Carolyn Collins, DeKalb’s compassionate custodian, dies at 58

Eight years ago, Tucker High School custodian Carolyn Collins found two students at 6 a.m. knocking on the school’s cafeteria doors, hoping to find something to eat. She gave them snacks and learned they were homeless, living in a car with other family members. The next day, she provided more snacks.

The school’s counselors told her other students faced similar challenges. Soon, Collins had converted a storage area into a resource closet stuffed with toiletries and personal hygiene items, food and drinks as well as clothes and school supplies. The project grew to become a non-profit, Carolyn’s Giving Closet, with donations coming from radio personality Steve Harvey, Sam’s Club, civic organizations and community members.

Collins died December 28 of metastatic thyroid cancer, family members said. She was 58.

“She was an amazing person with a magnetic personality who was always smiling,” said Tucker High School principal Eric Parker. “I had heard about the closet before I arrived, but I saw her in action — students’ families would come up during the day with various needs, and she would help get them what they needed.”

If a student arrived wearing clothes that violated the dress code, they could drop by Carolyn’s closet for something meeting school guidelines. Those going for job interviews could find neckties and dress shirts. If a student was too embarrassed to admit they wanted help, Collins would pass along whatever was needed to a guidance counselor or teacher. Collins worked with the school social worker to meet students’ physical, social and emotional needs. Parker said the compassionate custodian was ‘the most generous woman I’ve ever met.’”

She even took care of Parker. On a cold day, he was working on bus duty and she fussed at him, asking if he wanted to get sick. She gave him a hat from the giving closet, “and got me squared away,” he said.

In addition to supplies and snacks at Tucker High, Collins began distributing Thanksgiving turkeys and backpacks filled with school supplies to middle schools whose students eventually go to Tucker. She would give out gift cards to families during the holidays and coats to children in the wintertime.

And whether she was at work, at home or out and about, “she always looked flawless,” said her sister-in-law Lithornia Harper. “Her hair, nails and makeup always had to be perfect. Even working as a janitor, she was very put together.”

Before joining Tucker High, Collins worked 25 years as an inspector on an assembly line at Woodbridge Atlanta Foam in Lithonia. She was a diehard Atlanta Falcons fan, proudly wearing her red jersey.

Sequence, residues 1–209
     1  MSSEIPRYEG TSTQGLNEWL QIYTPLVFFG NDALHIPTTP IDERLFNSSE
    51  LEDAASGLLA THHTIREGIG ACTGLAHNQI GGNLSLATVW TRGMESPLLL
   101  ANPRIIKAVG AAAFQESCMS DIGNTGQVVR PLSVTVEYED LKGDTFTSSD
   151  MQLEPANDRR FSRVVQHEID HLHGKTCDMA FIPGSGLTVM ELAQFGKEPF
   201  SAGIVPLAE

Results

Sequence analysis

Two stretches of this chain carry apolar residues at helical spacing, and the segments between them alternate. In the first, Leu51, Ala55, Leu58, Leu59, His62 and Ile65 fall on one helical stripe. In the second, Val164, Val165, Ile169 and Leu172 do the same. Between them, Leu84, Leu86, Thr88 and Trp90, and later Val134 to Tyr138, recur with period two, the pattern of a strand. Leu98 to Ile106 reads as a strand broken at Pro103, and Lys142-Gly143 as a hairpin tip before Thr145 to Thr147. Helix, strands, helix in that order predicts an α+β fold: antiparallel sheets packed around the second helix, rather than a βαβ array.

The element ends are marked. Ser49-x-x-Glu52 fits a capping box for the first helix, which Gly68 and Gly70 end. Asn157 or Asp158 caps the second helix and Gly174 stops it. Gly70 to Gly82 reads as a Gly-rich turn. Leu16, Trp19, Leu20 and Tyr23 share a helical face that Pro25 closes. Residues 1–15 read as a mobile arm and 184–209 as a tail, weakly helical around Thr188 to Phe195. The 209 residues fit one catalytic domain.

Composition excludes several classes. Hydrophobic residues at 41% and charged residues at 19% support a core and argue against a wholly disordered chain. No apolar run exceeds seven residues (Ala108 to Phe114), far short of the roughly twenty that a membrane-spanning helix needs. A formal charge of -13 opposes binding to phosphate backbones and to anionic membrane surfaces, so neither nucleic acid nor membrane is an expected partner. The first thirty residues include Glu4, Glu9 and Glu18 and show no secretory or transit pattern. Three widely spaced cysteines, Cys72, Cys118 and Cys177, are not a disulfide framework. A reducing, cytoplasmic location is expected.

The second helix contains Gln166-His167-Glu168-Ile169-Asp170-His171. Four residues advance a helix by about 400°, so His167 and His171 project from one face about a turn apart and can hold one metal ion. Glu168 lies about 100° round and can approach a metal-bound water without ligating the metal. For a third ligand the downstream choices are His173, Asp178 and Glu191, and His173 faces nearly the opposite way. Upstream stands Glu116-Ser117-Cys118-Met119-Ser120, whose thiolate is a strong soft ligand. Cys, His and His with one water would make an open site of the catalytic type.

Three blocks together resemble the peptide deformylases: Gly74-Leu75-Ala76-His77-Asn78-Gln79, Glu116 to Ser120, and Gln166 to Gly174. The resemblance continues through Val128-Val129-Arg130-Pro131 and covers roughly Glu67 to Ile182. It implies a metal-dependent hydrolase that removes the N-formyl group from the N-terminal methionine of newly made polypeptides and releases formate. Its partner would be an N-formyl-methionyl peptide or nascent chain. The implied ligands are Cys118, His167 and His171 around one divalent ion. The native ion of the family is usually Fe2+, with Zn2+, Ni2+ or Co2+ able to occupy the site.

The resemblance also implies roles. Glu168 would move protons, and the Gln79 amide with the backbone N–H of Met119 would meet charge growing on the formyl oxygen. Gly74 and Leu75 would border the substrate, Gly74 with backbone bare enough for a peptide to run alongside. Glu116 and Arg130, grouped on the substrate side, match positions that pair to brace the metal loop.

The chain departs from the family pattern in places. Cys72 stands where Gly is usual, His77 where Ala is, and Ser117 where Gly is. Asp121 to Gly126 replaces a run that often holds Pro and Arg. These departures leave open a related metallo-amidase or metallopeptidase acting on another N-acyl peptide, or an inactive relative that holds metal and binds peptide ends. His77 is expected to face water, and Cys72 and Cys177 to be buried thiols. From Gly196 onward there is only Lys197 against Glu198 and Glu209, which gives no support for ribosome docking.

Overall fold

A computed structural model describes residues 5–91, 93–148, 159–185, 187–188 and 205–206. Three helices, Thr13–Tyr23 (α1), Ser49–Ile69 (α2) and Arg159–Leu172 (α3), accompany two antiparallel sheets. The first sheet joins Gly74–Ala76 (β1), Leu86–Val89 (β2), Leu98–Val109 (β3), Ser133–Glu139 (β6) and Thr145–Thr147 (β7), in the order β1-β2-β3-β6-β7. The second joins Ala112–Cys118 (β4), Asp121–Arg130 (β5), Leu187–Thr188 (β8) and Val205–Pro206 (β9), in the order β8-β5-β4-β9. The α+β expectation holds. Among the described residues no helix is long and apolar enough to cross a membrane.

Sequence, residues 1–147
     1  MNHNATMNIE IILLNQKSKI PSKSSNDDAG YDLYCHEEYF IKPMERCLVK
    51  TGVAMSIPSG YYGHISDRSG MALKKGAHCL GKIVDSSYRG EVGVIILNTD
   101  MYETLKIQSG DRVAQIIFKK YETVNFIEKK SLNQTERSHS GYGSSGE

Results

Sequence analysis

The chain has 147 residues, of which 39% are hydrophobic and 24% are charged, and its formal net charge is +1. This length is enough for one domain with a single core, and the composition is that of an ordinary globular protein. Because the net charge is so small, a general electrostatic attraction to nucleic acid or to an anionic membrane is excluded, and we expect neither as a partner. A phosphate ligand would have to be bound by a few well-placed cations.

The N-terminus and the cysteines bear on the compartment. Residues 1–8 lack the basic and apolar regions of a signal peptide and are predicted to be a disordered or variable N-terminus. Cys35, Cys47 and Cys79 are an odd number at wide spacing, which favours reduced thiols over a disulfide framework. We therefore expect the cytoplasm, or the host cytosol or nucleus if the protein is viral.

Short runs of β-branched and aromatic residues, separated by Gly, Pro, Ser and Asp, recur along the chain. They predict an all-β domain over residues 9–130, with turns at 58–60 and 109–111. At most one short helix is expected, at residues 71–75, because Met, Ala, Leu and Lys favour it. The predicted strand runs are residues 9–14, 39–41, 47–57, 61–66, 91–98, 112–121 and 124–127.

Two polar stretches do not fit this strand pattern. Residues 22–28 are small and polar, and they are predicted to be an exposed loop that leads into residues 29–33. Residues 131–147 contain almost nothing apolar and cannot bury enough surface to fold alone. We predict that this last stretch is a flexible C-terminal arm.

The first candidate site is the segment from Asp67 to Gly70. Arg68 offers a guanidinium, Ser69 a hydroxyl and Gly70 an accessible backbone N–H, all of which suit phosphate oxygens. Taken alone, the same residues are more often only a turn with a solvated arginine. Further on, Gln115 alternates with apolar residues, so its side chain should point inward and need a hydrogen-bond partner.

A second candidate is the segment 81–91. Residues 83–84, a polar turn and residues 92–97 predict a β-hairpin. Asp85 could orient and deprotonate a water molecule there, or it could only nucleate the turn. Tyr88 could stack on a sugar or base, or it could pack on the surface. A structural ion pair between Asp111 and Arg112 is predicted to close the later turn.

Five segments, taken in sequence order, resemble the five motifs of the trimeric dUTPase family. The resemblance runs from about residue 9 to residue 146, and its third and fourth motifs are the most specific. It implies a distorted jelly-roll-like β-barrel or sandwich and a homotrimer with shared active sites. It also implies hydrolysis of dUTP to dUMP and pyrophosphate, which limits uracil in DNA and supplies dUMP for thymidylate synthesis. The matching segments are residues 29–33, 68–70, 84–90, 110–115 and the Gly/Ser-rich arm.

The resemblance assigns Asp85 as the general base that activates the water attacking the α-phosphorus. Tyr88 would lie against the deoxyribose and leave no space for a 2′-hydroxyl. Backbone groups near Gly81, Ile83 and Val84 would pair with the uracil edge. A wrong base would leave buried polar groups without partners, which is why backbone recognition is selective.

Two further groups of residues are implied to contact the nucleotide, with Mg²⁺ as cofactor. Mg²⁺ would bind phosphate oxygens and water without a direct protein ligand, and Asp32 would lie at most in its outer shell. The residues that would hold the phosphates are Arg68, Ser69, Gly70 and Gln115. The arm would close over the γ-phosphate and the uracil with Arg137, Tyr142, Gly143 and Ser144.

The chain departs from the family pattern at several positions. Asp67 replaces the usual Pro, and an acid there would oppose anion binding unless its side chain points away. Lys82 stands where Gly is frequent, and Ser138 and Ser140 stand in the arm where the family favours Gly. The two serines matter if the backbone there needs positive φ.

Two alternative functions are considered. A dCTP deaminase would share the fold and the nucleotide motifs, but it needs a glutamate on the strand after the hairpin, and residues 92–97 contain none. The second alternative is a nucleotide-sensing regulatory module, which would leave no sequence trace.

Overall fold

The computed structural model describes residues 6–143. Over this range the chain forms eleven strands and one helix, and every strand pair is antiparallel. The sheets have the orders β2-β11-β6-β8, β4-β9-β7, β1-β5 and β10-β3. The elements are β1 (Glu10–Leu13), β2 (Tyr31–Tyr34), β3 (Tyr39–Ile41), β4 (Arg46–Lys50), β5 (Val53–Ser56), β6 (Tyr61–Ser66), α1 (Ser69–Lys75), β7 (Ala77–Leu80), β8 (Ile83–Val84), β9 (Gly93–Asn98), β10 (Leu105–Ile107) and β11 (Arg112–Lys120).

She was diagnosed with thyroid cancer in 2019, “but she was always so positive, you wouldn’t have any idea what she was going through,” said her daughter Brianna Miller. “She just had this energy. I plan to continue with Carolyn’s Giving Closet.”

Collins’ brother, Michael Harper, said his younger sister was “always an in-charge person.” She organized a family motorcycle club, Eye Catchaz MC, served as the first president and planned activities, “even though she didn’t even have a bike,” said Lithornia Harper. “She loved all the social get-togethers.”

After years of Zoom meetings and phone calls, masking and social distancing, Carolyn Collins decided that this past Thanksgiving was going to be in-person. She contacted extended family, planned games, found caterers and made her famous deviled eggs. On Thanksgiving Day, more than 70 people gathered at Lithornia and Michael Harper’s house, “and it was so much fun, it was great, just great,” Lithornia said.

As the holiday season unfolded, Carolyn entered Emory hospital, as she had before for treatment. On December 26, she messaged her sister-in-law that she was coming home the next day, and “as usual, she was telling people what to do,” said Harper.

The next day, Emory officials told the family if they wanted to say good-bye, they needed to come. “It was a shocker that she was dying, to her and all of us,” said Brianna Miller. “She had always come home.”

Carolyn Harper Collins is survived by her father, William Harper, husband Steven Collins, son Antonio Harper, daughter Brianna Miller, siblings Michael Harper and Linda Harper and her granddaughter Kyleigh Harper. A celebration of life will be January 7 a at noon at St. Philip AME Church, 240 Chandler Road, SE, Atlanta.

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